And, do you just need the calculation for the one range, or are you going to be calculating it for all of your records?

If you are defining quarters based on the Sep19-Dec18, Dec19-Mar18, etc. definition, and need to do it for all of your dates, I'd recommend using the intck function but combining it with the method suggested in the following thread: http://communities.sas.com/message/104501#104501

Contributor
Posts: 27

Global macro variable

Hi art297.

I was wondering about this actually.

What I mean by quarters is based on the calendar - jan1-mar31(1st quarter), apr1-jun30(2nd quarter), ... etc.

So if we start from September the 19th, this falls in the 3rd quarter of 2011.

Also, I would be using this method for a much bigger dataset with abou 14,000,000 obervations and hence 14,000,000 enquiry dates.

Thank you Michelle and Tom for the intck function and also art for reminding me of the quarter issue.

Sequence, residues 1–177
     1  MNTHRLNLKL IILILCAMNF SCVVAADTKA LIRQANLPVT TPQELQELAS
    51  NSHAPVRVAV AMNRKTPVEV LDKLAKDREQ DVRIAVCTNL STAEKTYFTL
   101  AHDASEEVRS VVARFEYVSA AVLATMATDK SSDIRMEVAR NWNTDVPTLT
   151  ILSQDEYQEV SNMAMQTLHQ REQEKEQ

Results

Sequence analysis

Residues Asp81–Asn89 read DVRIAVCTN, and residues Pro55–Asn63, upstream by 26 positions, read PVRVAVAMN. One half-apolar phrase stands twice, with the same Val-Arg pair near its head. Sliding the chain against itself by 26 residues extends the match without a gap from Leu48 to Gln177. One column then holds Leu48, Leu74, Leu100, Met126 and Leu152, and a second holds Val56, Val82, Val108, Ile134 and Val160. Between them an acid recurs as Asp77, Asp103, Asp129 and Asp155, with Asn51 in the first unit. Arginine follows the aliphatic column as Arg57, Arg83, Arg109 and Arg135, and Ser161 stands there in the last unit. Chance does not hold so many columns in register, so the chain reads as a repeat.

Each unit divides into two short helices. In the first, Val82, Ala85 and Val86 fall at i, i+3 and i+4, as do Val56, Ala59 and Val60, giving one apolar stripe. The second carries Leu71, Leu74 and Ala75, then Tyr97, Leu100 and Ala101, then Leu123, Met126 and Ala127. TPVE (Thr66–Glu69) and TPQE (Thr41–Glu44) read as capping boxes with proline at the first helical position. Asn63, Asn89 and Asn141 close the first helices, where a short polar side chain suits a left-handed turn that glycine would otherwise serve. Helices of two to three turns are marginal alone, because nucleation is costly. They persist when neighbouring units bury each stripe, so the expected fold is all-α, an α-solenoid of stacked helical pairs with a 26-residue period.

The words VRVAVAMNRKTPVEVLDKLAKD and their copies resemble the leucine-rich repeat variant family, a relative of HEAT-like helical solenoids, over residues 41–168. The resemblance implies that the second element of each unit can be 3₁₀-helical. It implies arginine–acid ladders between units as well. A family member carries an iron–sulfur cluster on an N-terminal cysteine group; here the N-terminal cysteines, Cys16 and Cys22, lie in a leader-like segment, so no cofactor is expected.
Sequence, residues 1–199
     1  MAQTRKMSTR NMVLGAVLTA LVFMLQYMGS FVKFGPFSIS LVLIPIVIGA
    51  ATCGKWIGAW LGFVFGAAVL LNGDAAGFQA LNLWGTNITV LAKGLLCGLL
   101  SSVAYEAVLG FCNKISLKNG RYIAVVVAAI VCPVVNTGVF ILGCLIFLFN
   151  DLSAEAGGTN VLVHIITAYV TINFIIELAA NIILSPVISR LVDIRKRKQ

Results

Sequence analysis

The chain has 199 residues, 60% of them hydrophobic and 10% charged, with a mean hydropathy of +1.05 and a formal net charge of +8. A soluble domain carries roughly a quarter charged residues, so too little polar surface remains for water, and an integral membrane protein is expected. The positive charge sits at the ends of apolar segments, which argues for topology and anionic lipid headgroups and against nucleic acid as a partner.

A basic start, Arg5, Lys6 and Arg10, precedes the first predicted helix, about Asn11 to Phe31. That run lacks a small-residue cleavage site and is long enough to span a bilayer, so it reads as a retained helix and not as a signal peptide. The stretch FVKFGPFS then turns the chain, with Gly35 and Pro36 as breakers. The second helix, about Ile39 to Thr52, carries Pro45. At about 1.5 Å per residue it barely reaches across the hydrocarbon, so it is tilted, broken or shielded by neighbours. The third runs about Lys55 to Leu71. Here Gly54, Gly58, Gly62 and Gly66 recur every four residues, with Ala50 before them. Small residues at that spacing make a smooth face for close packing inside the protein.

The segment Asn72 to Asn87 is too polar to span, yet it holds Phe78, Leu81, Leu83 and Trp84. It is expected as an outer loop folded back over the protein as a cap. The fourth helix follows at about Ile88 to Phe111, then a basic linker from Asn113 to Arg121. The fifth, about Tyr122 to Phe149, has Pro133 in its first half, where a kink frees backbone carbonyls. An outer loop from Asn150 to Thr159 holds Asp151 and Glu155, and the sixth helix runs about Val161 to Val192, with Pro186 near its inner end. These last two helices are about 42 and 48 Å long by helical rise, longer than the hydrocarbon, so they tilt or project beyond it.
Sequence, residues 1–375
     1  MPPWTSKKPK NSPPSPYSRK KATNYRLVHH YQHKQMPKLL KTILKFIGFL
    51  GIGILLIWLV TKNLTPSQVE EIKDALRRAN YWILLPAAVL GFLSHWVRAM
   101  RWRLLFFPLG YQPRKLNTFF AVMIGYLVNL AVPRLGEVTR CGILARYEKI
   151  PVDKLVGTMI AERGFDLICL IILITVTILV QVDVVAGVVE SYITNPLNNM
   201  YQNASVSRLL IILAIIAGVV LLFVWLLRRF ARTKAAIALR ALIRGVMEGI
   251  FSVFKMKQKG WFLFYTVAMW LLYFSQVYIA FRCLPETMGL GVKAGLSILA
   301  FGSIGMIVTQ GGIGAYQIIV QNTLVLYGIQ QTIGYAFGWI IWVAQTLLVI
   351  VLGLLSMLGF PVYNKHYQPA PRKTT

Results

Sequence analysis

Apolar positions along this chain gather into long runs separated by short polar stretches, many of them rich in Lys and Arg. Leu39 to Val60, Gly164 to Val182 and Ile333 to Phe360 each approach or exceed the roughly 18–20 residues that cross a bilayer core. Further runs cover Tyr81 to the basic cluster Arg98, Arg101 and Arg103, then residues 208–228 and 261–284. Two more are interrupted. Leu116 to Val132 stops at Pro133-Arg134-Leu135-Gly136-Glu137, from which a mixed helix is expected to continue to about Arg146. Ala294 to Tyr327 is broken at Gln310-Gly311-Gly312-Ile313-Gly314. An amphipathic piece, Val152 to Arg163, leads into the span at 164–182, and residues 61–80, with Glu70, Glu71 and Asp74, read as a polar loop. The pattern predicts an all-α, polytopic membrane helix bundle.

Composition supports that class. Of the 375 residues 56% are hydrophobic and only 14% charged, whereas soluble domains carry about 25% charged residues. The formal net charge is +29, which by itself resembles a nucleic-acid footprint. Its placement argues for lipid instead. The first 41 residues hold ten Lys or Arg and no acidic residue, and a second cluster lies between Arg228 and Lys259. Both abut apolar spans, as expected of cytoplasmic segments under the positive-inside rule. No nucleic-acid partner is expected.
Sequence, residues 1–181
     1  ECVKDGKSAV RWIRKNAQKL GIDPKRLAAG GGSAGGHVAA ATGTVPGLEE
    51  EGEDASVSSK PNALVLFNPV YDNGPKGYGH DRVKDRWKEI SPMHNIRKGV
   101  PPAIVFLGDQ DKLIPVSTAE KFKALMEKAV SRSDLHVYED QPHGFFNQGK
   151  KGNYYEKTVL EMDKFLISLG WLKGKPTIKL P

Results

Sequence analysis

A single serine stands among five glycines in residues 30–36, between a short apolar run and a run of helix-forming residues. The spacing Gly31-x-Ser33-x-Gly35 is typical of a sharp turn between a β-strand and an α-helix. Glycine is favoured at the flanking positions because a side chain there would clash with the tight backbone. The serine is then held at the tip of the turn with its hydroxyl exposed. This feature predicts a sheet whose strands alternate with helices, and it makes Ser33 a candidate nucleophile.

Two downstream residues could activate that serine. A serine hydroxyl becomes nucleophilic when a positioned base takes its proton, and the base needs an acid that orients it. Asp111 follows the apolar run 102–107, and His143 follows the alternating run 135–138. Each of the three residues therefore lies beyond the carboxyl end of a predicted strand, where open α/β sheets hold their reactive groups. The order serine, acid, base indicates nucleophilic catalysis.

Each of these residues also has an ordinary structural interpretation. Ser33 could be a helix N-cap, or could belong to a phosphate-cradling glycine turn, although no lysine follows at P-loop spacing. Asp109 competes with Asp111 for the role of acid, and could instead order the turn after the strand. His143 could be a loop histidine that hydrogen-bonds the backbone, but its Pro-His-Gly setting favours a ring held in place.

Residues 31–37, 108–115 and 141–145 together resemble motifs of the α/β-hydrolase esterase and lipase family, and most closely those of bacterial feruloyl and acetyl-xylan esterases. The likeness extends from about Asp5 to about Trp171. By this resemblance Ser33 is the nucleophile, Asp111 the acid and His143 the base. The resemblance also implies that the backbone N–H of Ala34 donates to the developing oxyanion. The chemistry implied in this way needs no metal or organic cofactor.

PROC Star
Posts: 7,364

Global macro variable

Then, definitely, the intck function is what you need.  Your corrected original macro would not have provided the correct answer.

Super User
Posts: 9,687

Global macro variable

Another implying problem is that macro variable  &datebig is local not golbal,which 's lifetime is only for proc sql.

SO you need to adjust it to make it global.

Such as outside before proc sql.

%global datebig;

proc sql;

.....................

Ksharp

Regular Contributor
Posts: 184

Global macro variable

I don't think so. If the PROC SQL statement which creates and populates the macro variable is in open code (not macro-generated), the macro variable is global by default.

proc sql noprint ;

select max(age) into : datebig from sashelp.class ;

quit ;

%put _user_ ;

%symdel datebig ;

Of course if the SQL code IS macro-generated, the default scope takes effect and you do not get a global.

%macro amacro ;

proc sql noprint ;

select max(age) into : datebig from sashelp.class ;

quit ;

%mend ;

%amacro

%put _user_ ;

To force a global, the %GLOBAL statement has to preceed the SQL statement, but it can be within the boundaries of the PROC SQL step.

%macro amacro ;

proc sql noprint ;

%global datebig ;

select max(age) into : datebig from sashelp.class ;

quit ;

%mend ;

%amacro

%put _user_ ;

%symdel datebig ;

Ksharp wrote:

Another implying problem is that macro variable  &datebig is local not golbal,which 's lifetime is only for proc sql.